Even though his name is not on the ballot, Erdoğan has been leading near-daily rallies ahead of the polls. Municipalities are a key source of political patronage, and losing a city such as Istanbul, where Erdoğan was mayor in the 1990s, means ceding control of huge budgets and government contracts that create jobs.

For Lütfü Güler, a 75-year-old retired civil servant, the lines that form outside the food tents before the first trucks arrive each morning are an attempt to “buy votes.”

“Look around; everyone is unhappy. These lines are shameful,” he says. “We have destroyed everything, but no one takes responsibility. Who has ever heard of a food terrorist before?”


On 11 February hurriyetdailynews wrote:

Turkish President Erdoğan launches war on food price ‘terror’

President Recp Tayyip Erdoğan has called recent excessive vegetable and fruit price hikes “food terrorism,” vowing that sales launched on Feb. 11 by several municipalities across the country will lead to market control.

“In recent days they began playing a game on Turkey. Prices of eggplants, tomatoes, potatoes, and cucumbers began to escalate. It was a terrorist attack,” Erdoğan said at the opening ceremonies of multiple projects in Ankara. He likened the government’s struggle against hike in food prices to its fight against terrorism.

He identified the increase in food prices as “games launched against Turkey.”
“We will not allow those to launch this terror,” he added.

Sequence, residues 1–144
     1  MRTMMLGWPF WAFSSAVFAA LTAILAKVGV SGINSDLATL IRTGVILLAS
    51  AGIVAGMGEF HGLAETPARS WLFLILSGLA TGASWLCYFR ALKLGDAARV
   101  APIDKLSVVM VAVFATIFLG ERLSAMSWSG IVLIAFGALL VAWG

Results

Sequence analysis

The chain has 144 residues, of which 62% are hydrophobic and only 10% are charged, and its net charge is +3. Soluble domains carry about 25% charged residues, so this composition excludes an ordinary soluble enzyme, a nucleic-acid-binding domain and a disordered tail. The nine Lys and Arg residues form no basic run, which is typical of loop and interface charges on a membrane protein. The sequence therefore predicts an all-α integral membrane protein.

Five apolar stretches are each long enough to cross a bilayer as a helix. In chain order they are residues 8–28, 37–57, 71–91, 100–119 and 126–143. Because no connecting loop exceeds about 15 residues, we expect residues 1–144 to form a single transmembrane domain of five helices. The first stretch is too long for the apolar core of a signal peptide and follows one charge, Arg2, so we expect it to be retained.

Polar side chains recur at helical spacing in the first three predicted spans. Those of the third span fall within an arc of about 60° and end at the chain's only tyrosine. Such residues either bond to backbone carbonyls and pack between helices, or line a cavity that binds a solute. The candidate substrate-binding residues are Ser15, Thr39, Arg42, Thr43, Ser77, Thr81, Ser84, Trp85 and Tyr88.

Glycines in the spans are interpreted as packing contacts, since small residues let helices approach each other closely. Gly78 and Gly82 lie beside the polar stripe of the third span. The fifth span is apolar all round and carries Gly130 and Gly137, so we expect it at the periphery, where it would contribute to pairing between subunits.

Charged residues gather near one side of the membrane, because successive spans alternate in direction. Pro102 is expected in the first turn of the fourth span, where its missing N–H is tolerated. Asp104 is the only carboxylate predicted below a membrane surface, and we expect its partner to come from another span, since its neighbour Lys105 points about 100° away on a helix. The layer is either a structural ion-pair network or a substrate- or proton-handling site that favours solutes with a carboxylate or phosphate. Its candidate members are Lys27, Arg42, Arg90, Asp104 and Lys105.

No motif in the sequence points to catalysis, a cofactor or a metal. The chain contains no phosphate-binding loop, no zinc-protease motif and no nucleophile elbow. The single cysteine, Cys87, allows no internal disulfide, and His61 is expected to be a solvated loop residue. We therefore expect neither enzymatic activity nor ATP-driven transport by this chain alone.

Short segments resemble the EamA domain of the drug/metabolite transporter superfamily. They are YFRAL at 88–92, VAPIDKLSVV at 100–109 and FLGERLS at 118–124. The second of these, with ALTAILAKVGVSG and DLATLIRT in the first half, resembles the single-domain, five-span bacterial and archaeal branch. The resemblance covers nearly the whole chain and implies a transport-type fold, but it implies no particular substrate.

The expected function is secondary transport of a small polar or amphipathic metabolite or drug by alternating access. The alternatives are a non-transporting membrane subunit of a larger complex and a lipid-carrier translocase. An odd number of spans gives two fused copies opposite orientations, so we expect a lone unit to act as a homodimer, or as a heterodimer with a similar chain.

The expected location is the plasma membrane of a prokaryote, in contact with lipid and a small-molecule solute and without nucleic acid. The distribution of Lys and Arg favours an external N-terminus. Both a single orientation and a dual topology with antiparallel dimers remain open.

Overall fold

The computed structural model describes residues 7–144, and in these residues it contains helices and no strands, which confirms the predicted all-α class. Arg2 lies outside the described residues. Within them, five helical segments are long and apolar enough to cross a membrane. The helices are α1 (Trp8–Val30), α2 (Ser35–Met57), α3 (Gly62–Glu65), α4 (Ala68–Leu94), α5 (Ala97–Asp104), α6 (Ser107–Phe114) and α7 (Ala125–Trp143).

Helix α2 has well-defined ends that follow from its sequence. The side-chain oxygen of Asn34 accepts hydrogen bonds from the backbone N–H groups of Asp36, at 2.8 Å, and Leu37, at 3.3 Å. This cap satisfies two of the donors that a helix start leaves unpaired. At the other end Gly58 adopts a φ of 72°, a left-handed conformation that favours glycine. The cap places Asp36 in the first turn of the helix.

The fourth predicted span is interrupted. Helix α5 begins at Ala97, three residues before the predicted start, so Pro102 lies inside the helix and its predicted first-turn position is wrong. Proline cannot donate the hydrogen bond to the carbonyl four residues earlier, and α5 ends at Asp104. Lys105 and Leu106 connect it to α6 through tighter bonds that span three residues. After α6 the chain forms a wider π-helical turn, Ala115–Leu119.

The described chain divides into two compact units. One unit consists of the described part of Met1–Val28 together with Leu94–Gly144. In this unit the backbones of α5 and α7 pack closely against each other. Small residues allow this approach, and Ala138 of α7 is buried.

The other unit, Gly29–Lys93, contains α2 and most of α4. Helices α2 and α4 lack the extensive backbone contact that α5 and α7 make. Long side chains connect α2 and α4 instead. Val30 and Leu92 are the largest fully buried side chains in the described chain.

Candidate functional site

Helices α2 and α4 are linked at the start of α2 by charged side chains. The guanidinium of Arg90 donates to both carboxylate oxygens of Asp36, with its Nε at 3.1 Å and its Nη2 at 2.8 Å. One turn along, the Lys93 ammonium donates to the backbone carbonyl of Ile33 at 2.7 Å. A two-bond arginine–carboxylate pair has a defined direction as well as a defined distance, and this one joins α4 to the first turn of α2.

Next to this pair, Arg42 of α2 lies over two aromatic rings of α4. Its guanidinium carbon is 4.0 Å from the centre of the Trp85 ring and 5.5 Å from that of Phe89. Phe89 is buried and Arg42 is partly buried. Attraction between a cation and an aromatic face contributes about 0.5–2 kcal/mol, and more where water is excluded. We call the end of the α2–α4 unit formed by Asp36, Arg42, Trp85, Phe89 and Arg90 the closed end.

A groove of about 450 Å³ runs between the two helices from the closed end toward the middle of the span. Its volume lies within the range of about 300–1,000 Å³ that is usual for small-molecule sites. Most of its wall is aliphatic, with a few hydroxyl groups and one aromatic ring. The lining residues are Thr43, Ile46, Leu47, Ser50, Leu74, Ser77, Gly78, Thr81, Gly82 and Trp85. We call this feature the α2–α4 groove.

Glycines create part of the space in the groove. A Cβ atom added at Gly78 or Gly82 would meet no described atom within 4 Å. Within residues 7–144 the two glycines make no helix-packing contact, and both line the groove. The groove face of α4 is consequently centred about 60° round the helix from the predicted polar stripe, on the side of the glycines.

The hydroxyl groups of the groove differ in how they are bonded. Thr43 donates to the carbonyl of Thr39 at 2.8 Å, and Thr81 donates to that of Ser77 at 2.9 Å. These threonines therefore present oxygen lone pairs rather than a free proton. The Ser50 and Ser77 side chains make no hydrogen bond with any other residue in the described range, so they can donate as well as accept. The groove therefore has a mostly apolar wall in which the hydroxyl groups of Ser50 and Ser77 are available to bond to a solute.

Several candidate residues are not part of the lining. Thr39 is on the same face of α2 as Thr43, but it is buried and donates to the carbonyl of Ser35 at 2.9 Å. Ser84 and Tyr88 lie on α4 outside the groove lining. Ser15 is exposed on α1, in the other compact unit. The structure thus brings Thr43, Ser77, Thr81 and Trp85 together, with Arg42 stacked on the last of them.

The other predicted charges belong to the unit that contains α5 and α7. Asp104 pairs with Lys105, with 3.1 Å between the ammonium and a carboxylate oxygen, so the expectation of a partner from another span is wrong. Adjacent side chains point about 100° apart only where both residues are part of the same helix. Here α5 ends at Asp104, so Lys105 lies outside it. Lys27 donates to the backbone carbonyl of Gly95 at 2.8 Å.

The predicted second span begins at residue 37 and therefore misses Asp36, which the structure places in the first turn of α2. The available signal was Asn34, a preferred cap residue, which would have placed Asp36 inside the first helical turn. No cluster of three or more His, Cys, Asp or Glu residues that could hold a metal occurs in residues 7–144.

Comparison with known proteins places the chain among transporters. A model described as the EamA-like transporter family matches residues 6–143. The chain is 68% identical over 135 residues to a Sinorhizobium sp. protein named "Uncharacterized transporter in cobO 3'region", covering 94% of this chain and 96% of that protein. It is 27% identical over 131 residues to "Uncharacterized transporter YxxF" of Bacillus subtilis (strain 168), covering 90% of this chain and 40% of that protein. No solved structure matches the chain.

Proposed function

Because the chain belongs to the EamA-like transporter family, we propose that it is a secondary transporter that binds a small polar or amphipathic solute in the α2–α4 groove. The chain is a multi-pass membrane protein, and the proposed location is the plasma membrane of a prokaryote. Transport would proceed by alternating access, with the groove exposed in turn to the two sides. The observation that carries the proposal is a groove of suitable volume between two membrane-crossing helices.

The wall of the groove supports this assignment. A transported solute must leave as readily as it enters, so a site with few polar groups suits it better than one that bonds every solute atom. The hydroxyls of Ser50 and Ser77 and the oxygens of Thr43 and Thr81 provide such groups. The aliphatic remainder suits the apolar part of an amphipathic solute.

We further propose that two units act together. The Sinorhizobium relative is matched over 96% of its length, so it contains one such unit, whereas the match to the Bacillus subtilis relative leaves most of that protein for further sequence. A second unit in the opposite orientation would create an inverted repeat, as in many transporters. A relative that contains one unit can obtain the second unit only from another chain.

4 February 2019:

Turkey’s ailing agriculture faces even bleaker future

Soaring food prices have emerged as one of Turkey’s gravest economic woes, and everyone seems to agree now that food inflation will be a major factor in the March 31 local elections. True to style, the ruling Justice and Development Party (AKP) has sought to rein in the prices through coercive measures, refusing to acknowledge the core of the problem.

In November, the authorities raided onion depots at the behest of President Recep Tayyip Erdogan, who blamed hoarders for the surging price of onions, a key staple of Turkish cuisine. The raids, however, failed to bring the prices down and ultimately, the government had to zero down tariffs on onions to cheapen imports.

More recently, Erdogan lashed out at groceries and supermarkets over fruit and vegetable prices as some of them reached unprecedented levels. “Interest rates and inflation have declined, but the prices of fruits and vegetables at grocery stores continue to rise,” he said Jan 21. “If grocery stores continue to try to exploit my people, it is our duty to hold them to account and we will.” In response, supermarket chains chose to do away with some products, including eggplants and green peppers, instead of selling them at the soaring prices and risking the wrath of the government.

Someone had to remind Erdogan, however, that the ostensible drops in interest rates and inflation owed to tax reductions introduced by the government and that those incentives had no impact on food prices, fueled mainly by the rising cost of imported agricultural inputs such as fertilizers, pesticides and fodder. How can one pull down prices if one cannot decrease the cost of inputs?